- The Washington Times - Sunday, April 8, 2007

Watching Tottenham Hotspur fans taking on the Spanish constabulary at a European soccer match the other night, I found myself idly speculating what might have happened had those Iranian kidnappers made the mistake of seizing 15 hardboiled football yobs who hadn’t got the Blair memo about not escalating.

Instead the mullahs were fortunate enough to take hostage 15 Royal Navy sailors and Royal Marines. Which were which was hard to say upon their release. The Queen’s Navee had been demobbed. The token gal was dressed as an Islamic woman and the 14 men had been kitted out in Ahmadinejad leisurewear, not just a ghastly fashion faux pas but a breach of the increasingly one-way Geneva Conventions. But they smiled and they waved. Wave, Britannia, Britannia, waive the rules. The Associated Press reported the story as follows: “Analysis: Hope for more Iran compromises.”

Well, if by “compromise” you mean Tehran didn’t put them up for a show trial and behead them, you might have a point. With this encouraging development, we might persuade them to wipe only half of Israel off the map, or even nuke some sparsely occupied corner of the Yukon instead. With the momentum of this “compromise” driving events, all manner of diplomatic triumphs are possible.

Tony Blair was at pains to point out that the hostages were released “without any deal, without any negotiation, without any side agreement of any nature.” But he is missing (or artfully sidestepping) the point: Tehran didn’t want a deal. It wanted the humbling of the Great Satan’s principal ally. And it got it. Very easily. And it paid no price for it. And it has tested in useful ways the empty pretensions of the United Nations, the European Union and also NATO, whose second-largest fleet is now a laughingstock in a part of the world where it helps to be taken seriously.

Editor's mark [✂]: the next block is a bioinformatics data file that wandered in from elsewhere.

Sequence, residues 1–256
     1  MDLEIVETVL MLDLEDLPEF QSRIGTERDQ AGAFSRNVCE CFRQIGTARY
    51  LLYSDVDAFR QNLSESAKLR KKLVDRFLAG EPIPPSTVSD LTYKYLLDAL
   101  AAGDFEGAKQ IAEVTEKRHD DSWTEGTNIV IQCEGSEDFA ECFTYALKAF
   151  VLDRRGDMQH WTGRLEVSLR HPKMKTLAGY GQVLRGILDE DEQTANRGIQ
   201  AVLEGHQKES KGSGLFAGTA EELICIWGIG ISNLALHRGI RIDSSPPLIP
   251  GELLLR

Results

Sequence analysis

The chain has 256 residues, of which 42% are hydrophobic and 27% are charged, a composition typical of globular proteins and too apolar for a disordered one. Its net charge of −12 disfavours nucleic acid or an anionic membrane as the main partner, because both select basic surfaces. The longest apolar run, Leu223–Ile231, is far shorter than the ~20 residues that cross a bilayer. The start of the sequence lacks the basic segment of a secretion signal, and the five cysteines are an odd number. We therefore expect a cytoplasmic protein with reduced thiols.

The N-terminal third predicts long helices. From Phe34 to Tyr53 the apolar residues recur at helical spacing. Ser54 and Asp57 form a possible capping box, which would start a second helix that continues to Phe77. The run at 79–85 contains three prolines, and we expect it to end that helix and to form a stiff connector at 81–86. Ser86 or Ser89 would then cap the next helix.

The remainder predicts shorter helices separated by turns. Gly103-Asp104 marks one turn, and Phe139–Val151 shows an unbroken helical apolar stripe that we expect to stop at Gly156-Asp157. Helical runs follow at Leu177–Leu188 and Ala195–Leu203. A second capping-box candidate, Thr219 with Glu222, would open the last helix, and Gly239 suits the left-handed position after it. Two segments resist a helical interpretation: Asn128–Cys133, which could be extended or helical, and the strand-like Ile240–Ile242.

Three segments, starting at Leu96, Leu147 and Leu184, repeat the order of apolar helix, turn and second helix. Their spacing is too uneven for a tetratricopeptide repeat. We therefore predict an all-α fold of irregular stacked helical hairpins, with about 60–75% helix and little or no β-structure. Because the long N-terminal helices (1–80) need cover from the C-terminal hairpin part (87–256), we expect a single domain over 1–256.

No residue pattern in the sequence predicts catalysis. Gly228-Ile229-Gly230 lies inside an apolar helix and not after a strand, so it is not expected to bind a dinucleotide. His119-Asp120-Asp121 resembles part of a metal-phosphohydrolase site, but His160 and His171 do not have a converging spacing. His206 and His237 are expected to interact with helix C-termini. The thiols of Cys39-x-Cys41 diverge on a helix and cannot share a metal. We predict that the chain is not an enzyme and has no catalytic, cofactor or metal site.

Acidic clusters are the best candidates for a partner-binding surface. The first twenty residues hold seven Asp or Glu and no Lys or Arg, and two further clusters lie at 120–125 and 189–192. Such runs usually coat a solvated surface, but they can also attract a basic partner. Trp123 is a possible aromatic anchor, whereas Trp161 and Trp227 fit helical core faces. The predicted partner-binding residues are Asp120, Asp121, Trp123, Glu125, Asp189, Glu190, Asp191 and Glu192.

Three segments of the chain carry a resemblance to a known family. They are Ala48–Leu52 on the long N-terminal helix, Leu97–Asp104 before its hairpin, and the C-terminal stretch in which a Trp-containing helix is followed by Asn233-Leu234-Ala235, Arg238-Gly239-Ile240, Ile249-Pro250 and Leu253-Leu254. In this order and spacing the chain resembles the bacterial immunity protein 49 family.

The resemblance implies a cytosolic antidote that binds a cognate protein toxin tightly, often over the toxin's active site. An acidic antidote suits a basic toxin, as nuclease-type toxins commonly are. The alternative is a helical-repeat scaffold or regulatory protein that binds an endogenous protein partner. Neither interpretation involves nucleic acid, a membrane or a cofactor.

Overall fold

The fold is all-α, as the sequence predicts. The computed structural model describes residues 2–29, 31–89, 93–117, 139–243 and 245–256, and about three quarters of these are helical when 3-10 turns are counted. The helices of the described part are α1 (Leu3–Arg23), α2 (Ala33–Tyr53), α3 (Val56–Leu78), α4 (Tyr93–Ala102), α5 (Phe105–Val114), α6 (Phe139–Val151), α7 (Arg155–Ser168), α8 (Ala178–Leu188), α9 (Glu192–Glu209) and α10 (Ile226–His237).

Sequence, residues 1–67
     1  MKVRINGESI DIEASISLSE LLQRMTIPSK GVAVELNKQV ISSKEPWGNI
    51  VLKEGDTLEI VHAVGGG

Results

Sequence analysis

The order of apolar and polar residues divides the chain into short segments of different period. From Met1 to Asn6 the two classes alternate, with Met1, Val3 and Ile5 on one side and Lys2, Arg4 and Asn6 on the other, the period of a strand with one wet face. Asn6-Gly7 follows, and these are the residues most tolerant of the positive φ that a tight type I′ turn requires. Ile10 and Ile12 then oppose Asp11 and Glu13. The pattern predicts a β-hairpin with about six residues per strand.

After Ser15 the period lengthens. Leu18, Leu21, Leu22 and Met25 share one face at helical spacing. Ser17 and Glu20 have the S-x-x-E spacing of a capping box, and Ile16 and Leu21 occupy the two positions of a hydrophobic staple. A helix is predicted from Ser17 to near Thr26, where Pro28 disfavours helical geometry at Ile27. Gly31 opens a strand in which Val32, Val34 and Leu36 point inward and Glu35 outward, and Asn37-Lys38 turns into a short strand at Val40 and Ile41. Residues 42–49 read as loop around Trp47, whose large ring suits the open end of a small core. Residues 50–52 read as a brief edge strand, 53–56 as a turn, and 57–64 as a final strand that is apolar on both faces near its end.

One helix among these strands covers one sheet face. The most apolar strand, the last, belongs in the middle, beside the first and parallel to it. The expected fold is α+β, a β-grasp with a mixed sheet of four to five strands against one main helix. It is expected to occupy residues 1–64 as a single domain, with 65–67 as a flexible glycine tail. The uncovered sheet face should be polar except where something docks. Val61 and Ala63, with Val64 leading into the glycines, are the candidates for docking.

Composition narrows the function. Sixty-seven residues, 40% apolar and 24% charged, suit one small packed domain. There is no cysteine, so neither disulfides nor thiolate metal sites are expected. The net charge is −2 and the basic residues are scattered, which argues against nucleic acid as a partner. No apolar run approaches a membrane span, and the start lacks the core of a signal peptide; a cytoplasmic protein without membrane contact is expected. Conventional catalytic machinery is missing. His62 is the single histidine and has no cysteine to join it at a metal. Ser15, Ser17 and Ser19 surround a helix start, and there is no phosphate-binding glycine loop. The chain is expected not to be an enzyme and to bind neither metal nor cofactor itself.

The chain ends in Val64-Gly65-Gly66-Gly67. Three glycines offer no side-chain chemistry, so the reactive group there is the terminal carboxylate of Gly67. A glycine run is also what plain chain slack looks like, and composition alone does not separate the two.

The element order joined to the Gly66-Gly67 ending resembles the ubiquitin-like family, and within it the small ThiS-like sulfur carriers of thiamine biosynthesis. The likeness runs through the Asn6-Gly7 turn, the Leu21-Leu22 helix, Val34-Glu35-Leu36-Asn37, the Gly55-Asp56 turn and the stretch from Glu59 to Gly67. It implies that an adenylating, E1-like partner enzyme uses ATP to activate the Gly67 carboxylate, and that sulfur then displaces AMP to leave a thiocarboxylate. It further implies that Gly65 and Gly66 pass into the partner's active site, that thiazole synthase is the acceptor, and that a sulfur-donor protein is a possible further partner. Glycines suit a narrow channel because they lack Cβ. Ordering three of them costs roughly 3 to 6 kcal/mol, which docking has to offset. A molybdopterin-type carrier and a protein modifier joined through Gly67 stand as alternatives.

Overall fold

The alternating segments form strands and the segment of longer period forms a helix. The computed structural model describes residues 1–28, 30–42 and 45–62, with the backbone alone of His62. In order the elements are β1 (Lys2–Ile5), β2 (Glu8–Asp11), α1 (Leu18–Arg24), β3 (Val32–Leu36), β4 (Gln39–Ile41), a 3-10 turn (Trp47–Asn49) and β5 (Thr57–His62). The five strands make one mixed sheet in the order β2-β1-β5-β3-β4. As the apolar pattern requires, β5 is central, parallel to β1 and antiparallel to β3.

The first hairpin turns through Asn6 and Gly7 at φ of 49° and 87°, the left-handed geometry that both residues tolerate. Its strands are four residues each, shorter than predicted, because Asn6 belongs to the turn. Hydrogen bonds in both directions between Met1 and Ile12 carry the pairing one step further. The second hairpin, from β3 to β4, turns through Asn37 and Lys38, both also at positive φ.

I’m always bemused by the correspondence I get from readers arguing there’s more going on than meets the eye — that the British and Americans wanted to keep things cool this last week because it’s a massive head fake to distract attention from all kinds of covert activities already under way to overthrow Iran’s President Mahmoud Ahmadinejad and Syria’s Bashar Assad, and a bunch of other fellows.

Even if it were true (which it’s not) that Valerie Plame’s crack commando units are rappeling down the walls of every presidential palace from Sudan to North Korea, in a media age what matters is not only what’s going on behind the scenes but the scenes themselves. And scenes of British servicemen fawning on Mr. Ahmadinejad along with scenes of a headscarved Nancy Pelosi doing the same to Bashar Assad project a consistent message. Even if there is more going on than meets the eye, what meets the eye is so profoundly damaging to the credibility of great nations that no amount of lethal special ops could compensate for it.

Power is only as great as the perception of power. The Iranians understand they can’t beat America or Britain in tank battles or air strikes, so they choose other battlefields on which to hit them. That’s why the behavior of the captives gives great cause for concern: There’s no point training guys to be tough fighting men of the Royal Marines when you’re in a bloody little scrap in Sierra Leone (as they were a couple of years ago) if you allow them to crumple on TV in front of the entire world.